by Michael McGarr
Environmental issues are top of the news agenda at the moment, and the recent State of Nature report really hammered home how perilously the UK’s fragile ecology was faring.
This article I read on the BBC stated that:
– In the UK, one in seven species are threatened with extinction
– 41% of UK species specified have declined since 1970.
– one in five plants are at risk of extinction
– wildflowers have been lost at the rate of one species per year since the 1950s.
These facts and figures are horrifying and I just hope that our Government will take heed of this report before it’s all too late.
We can all make a difference in our gardens
However, the easiest and quickest places where we can all help wildlife and the environment is in our gardens. The UK’s gardens combined covers an area that is larger than the Lake District and the Peak District put together – so that proves that collectively we can all make a difference.
We always design ecological features into our gardens, but you certainly don’t need a garden designer to do this for you. You can read more about how we design gardens to include the wildlife that already lives there, from this previous blog post:
Here’s my top six easiest ways you can be wildlife and environmentally-conscious in your own garden
- Make a compost bin
Compost bins are amazing! Why throw all that food waste away when you could be letting it create the most fantastic beautiful crumbly garden compost for your plants. Even if you don’t grow vegetables, you can put it around your shrubs in the autumn to create a mulch over winter, where the worms will pull all those nutrients down into the soil for you. You can also mix a little garden compost into your houseplants whenever you re-pot them away for a brilliant boost of nutrients.
You can also buy really lovely slatted wooden compost bins which are a little more expensive than the plastic bin-types, but of course, far more environmentally friendly.
Also, by reducing the amount of kitchen waste going into your wheelie bin, you’re also reducing landfill AND you’ll soon see that your general waste bin will have loads more space in it.
- Create a small pond
I read that if you do just one thing for wildlife in your garden, then make a pond. It does not have to be a huge pond – I’ve even used a small basin at one point just to create a small pool for wildlife.
If you create a space for a pond in your garden, then the wildlife will come. And if you encourage frogs and toads to your garden, then you won’t have to worry about slugs eating your flowers and vegetables.
Make sure you add some plants around the outside of the pond or basin, as well as some stones or small logs to create habitat for insects and other animals, as well as enabling them to get in and out of the pond.
Image: This CorTen steel water bowl was used in our award-winning show garden for RHS Tatton in 2016 and proves that wildlife water features need not be messy or ugly. They could be as beautiful as this! Copyright: Warnes McGarr & Co.
- Avoid metaldehyde slug pellets
In December 2018, it was announced by Defra that metaldehyde slug pellets were going to be banned from being sold in the UK for residential gardens. However, after a legal challenge by a manufacturer this ban was sadly over-turned by the High Court in August.
Metaldehyde pellets are a poison that gets in our water courses, as well as poisoning birds, frogs and hedgehogs which can eat the pellets, as well as feeding on the slugs and snails who are consuming the pellets.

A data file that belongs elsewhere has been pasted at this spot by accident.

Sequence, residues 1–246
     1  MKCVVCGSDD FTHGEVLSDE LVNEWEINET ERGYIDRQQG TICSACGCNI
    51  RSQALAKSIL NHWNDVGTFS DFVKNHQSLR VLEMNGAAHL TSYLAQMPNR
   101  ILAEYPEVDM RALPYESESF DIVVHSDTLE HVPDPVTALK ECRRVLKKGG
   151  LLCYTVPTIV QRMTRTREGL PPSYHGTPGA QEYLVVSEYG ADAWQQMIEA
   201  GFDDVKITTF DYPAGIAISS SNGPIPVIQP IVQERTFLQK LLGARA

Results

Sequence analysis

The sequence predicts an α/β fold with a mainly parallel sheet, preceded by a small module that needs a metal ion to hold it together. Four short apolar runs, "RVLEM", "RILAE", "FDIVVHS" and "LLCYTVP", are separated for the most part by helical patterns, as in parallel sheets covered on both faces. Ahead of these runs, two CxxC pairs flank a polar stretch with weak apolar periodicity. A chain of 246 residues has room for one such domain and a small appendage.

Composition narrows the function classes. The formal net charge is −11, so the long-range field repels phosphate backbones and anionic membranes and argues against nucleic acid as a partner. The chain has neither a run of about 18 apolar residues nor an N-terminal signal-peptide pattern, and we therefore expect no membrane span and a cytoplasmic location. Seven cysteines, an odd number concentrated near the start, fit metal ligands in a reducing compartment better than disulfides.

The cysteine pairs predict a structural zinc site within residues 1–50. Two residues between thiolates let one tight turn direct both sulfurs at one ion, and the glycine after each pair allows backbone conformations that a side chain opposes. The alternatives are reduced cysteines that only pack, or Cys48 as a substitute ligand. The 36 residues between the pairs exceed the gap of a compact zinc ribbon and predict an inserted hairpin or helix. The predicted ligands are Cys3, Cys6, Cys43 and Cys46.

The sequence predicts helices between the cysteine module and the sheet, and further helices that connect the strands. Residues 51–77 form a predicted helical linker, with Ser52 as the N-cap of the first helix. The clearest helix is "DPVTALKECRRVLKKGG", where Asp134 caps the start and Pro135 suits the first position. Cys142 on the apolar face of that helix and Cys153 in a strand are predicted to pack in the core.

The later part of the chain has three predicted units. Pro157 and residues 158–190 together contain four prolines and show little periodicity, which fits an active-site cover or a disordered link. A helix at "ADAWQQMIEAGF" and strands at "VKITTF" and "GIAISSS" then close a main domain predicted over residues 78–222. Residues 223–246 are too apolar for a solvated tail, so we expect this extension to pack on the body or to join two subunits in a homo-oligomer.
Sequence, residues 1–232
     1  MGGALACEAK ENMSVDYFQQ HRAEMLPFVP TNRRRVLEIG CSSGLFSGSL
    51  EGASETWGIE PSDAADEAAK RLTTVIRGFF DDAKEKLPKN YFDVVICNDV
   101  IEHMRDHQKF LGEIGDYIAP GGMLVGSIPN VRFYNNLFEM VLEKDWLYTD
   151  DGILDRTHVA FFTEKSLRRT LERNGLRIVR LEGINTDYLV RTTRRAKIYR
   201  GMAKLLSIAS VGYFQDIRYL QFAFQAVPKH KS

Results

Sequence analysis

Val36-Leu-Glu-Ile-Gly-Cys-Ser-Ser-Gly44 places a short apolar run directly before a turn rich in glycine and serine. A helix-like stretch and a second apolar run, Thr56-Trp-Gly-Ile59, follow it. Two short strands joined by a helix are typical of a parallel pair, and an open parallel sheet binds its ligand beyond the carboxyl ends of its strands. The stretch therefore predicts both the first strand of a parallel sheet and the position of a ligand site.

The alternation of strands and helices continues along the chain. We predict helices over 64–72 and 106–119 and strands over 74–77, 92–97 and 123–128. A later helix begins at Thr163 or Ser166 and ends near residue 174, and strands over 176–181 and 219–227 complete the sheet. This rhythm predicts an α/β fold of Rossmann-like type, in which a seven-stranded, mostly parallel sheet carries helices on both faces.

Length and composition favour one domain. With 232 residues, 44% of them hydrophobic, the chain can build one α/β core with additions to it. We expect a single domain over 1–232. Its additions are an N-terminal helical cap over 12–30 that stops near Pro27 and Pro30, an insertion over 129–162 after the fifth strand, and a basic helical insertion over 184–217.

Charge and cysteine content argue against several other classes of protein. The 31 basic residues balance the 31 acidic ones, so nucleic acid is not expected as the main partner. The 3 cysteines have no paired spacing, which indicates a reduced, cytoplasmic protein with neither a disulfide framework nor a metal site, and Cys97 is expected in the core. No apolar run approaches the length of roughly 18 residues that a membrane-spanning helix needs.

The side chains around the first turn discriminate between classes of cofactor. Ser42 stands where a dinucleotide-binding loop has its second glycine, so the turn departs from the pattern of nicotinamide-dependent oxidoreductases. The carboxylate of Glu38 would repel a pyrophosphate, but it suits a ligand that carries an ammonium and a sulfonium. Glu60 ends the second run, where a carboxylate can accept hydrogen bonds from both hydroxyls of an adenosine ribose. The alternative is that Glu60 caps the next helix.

There are plenty of alternative methods to try to combat slug and snail damage that don’t affect a whole food chain, and our own water supply. And if you do use these slug pellets, then it’s pointless to try to encourage more wildlife into your garden where there is a chance the pellets could kill them.
- Stop tidying up the garden
We must resist the urge to tidy up our gardens! Nature has been designed as the most perfect life cycle, so be over-tidying, we can accidentally tip the balance. Leave seed heads on your plants and flowers for the birds and insects to feed on over winter. Leaves can be swept up off the lawn, but you can either put them into your compost bin, spread them as a mulch over your borders or put them in a bin bag to make leaf mould for next year. Twigs and sticks can be picked up and put in a pile to create a mini beetle and insect home. I also create small piles of old bricks or logs dotted around the garden to create little hidey holes for any creatures that might need them.
- Plant some edibles.
We love planning edibles into any garden design. Not only are they stunning, but also incredibly environmentally-friendly and loved by wildlife too. Imagine every time you go to the supermarket to buy a plastic punnet of over-priced raspberries. Maybe you’d do this every week in the summer? Think about the transport miles those raspberries have travelled, as well as all the plastic packaging that’s involved. You could provide yourself with raspberries, blueberries, blackcurrants and other berries across summer and autumn with just a few canes and bushes.
- Plant a small tree
We always design a number of trees into our garden designs because they add height and structure, but they are also amazing ways to bring more wildlife to your garden, as well as being great for the environment.
We love the multi-stemmed Himalayan birch tree (Betula utilis jacquemontii) with its beautiful peeling white bark. Or maybe try the Juneberry (Amelanchier lamarckii) which has gorgeous white flowers in spring and the dark berries in autumn which are loved by birds.
If you want to incorporate wildlife planting and design into a high-end luxury garden then please give us a call for a chat on 01257 696 012.